Foie gras: the delicacy that animal rights activists have been quick to point out is not so delicate. It’s the fattened liver from a duck or goose, and after many years of controversy over its production, bans have started springing up around the U.S. – with New York City next on the list.
With almost 1,000 restaurants serving foie gras in NYC, the city is one of the country’s largest foie gras markets. Yet City Council still voted 42-6 to pass a bill that prohibits storing, maintaining, selling, or offering to sell force-fed products or other foods containing it. Violators will also face serious fines, ranging from $500 to $2,000 But once the bill is signed by Mayor Bill de Blasio, restaurants will have until 2022 before they have to remove foie gras from their kitchens.
One of NYC’s executive chefs, Marco Moreira, told Food & Wine that the bill seems to be making small businesses and working immigrants an unfair target, adding that a “more productive and impactful” target would be industrial farming.
In Chicago, a similar foie gras ban was repealed in 2008 – just two years after it passed. But in California, the same ban has stayed true. And the local chefs there say that they’re used to it by now.
Michael Cimarusti, the co-owner and chef at Providence in Los Angeles, and Josiah Citrin, the chef behind several California restaurants including Mélisse and Charcoal Venice, both say that foie gras was an easy target for animal right’s activists, and an easy and appeasing compromise with them for the state: its production and consumption are both limited, and doesn’t have nearly as many people willing to fight for it as the bigger industries.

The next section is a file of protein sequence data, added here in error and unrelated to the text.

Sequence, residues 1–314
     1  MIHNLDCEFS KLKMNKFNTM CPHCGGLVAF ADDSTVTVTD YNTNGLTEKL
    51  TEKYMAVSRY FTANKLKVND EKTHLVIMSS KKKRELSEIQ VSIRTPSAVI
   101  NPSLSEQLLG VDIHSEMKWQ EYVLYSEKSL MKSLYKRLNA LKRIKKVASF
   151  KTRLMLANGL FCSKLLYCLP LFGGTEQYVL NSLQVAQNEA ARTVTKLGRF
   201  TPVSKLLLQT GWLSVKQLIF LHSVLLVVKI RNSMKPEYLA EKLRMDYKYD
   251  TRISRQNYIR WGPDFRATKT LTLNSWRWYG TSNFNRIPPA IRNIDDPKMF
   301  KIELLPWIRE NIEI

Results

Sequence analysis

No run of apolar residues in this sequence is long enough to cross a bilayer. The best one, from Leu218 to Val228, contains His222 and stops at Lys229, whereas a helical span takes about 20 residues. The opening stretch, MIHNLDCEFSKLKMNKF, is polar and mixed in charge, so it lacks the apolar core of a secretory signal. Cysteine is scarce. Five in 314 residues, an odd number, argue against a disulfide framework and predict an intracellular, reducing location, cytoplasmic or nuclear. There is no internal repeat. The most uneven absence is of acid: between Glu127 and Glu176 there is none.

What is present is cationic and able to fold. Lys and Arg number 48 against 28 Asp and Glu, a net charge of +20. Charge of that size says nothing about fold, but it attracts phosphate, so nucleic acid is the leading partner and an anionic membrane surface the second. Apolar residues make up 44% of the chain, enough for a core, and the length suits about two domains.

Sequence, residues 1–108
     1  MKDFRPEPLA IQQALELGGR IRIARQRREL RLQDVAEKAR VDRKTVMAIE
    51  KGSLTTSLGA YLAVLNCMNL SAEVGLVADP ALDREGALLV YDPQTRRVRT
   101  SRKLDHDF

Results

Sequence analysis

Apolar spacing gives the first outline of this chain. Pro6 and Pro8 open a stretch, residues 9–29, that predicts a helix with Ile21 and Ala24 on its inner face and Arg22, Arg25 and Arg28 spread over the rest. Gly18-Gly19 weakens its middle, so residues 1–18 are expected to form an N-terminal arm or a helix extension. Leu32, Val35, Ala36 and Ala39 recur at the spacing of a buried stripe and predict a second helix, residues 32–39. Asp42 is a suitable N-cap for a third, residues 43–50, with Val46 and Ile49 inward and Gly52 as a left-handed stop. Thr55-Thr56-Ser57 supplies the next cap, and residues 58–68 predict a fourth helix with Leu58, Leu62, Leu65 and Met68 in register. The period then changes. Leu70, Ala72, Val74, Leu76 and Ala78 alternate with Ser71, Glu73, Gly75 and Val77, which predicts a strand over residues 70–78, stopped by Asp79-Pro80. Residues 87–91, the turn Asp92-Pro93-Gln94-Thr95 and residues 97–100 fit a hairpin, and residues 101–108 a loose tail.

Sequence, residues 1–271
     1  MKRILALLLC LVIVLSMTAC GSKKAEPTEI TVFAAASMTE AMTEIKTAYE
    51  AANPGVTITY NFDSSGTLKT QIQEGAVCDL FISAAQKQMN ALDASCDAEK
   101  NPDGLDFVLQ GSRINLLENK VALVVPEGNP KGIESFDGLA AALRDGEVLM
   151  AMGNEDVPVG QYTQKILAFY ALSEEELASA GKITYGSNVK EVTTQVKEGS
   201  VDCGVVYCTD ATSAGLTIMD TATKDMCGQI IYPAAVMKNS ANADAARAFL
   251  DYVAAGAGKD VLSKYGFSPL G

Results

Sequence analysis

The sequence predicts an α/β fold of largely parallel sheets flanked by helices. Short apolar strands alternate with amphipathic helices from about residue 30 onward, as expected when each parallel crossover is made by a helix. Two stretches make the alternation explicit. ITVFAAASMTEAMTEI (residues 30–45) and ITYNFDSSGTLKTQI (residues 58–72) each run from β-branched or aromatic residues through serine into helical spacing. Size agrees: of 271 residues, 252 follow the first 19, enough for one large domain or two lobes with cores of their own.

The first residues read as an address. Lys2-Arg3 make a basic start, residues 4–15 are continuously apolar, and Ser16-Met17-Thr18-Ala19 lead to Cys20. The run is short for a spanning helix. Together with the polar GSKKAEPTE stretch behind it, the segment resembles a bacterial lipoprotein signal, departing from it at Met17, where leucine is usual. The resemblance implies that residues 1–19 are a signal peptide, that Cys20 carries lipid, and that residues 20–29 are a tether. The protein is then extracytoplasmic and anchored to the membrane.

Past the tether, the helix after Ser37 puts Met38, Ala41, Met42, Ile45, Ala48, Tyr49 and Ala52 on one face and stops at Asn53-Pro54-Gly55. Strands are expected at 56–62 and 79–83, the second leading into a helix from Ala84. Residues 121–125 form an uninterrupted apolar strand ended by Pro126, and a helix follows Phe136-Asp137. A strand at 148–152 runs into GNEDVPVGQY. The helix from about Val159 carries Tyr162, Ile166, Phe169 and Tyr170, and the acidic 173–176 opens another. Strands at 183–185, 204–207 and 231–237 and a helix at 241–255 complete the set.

“Nobody relies on foie gras for sustenance,” Cimarusti said. “Unless you are a duck farmer, this isn’t going to shut down your business or anything. It’s just one ingredient in a world of many that you just aren’t allowed to cook with anymore.”
Angie Mar, the owner and executive chef at the West Village’s Beatrice Inn, is simply not looking forward to the disappointment of her regular foie gras customers – but she believes deeply in better farming practices and education, and hopes that the ban will be a wake-up call. In the meantime, she plans on serving it despite the ban – “even if that means giving it away, as so many chefs in other cities have done,” she said.